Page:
Like making an external antenna which can be detuned with the smallest touch of a pinky finger. Or designing a case opening brace which was too short and thus acted like a fulcrum for bends instead. Or putting out a Maps app that was missing tons of basic info. Those all were instantly clear to almost anyone.

But since it took so long in this case, perhaps it was something subtle and/or requiring a certain sequence of events.

Heck, it only happened to about one in forty thousand units. So unless you had a good idea what the cause was, imagine how many units you'd have to test to make the result repeatable.



iPhones have done the same. They've caught fire on airplanes in flight, something that never happened with the Samsung model in question. (Because it was banned. Should iPhones also be banned then?)

People have been badly burned by iPhones. Someone has even died from an iPhone fire in his bed, which again never happened with a Samsung Note.

Does that make you never want to buy an iPhone again? Of course not. If it didn't happen to them, people don't care that much. Especially when the device hits all their desire points, like the Note does and the iPhone does.
I recommend using google... multiple Samsung replacement devices caught fire on planes. iPhones have NEVER caught fire on planes accidentally - the only times were intentional punctures of the battery. Almost every iPhone fire, in any capacity, came from non OEM third party accessories. Not the iPhone.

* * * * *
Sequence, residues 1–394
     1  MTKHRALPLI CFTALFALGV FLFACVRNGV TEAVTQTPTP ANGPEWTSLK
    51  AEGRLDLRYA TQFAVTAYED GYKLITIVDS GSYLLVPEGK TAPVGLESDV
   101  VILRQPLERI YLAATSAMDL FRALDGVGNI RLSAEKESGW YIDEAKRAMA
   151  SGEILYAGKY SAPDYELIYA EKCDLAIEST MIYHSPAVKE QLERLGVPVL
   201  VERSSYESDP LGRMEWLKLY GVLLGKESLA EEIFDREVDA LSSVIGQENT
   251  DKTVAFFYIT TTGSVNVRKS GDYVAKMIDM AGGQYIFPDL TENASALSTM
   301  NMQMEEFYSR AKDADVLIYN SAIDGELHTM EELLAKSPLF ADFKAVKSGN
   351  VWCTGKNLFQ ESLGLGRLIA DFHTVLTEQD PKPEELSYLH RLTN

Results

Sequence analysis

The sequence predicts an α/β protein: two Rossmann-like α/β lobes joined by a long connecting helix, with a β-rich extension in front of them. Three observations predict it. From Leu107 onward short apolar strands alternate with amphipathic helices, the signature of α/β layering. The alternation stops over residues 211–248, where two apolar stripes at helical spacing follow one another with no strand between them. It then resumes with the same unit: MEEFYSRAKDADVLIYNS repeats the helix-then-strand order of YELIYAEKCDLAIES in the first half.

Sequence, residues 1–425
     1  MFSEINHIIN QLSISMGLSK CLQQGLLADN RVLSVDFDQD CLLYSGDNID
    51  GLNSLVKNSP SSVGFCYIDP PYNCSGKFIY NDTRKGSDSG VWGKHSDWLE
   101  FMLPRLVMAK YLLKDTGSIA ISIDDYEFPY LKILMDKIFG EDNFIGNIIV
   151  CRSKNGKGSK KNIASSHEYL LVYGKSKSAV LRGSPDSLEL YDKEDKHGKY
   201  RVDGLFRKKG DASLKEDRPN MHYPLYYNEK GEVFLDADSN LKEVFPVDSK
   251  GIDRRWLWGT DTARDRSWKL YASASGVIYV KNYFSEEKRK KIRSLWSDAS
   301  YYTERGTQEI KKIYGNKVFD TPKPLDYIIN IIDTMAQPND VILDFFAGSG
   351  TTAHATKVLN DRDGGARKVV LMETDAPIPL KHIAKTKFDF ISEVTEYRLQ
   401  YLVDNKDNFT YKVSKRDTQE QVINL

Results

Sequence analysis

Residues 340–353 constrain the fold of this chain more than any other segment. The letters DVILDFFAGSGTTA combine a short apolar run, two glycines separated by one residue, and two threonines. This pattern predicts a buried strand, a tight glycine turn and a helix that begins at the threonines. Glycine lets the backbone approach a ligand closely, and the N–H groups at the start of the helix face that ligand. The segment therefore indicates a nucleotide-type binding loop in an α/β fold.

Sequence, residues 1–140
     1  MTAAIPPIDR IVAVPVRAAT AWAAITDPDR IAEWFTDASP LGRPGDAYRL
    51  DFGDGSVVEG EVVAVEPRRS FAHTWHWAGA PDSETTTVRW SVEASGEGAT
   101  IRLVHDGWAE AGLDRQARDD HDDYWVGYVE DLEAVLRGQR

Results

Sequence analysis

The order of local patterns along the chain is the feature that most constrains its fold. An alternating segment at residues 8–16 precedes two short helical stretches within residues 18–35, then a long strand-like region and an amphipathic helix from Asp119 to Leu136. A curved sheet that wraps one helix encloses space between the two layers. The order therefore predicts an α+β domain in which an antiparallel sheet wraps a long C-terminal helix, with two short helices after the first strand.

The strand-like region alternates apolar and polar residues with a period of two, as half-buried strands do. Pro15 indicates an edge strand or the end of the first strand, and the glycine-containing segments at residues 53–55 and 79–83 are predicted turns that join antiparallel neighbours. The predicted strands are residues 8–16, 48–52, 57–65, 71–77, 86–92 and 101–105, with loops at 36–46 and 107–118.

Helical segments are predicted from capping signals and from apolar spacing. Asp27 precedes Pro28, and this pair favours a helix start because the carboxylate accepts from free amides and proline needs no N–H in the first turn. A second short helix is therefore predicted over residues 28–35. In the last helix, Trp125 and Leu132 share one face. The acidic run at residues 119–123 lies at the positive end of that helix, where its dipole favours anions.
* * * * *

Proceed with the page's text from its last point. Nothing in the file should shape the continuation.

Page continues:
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altenae

Suspended
Nov 17, 2016
11
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I recommend using google... multiple Samsung replacement devices caught fire on planes. iPhones have NEVER caught fire on planes accidentally - the only times were intentional punctures of the battery. Almost every iPhone fire, in any capacity, came from non OEM third party accessories. Not the iPhone.

Using google: .....iphone 7 catching fire....

https://www.google.nl/webhp?sourceid=chrome-instant&ion=1&espv=2&ie=UTF-8#q=iphone 7 catching fire
Results are thousands issues

When you search for issues with google you will find them for every device !!!